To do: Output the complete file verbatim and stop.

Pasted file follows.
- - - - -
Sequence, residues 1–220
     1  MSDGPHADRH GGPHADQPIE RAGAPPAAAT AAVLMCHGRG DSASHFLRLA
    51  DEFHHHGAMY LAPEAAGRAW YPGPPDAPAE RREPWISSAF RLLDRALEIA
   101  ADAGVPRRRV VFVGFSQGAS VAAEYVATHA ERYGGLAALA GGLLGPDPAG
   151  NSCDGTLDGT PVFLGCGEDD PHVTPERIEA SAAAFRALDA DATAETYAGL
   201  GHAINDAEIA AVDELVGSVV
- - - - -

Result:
Sequence, residues 1–220
     1  MSDGPHADRH GGPHADQPIE RAGAPPAAAT AAVLMCHGRG DSASHFLRLA
    51  DEFHHHGAMY LAPEAAGRAW YPGPPDAPAE RREPWISSAF RLLDRALEIA
   101  ADAGVPRRRV VFVGFSQGAS VAAEYVATHA ERYGGLAALA GGLLGPDPAG
   151  NSCDGTLDGT PVFLGCGEDD PHVTPERIEA SAAAFRALDA DATAETYAGL
   201  GHAINDAEIA AVDELVGSVV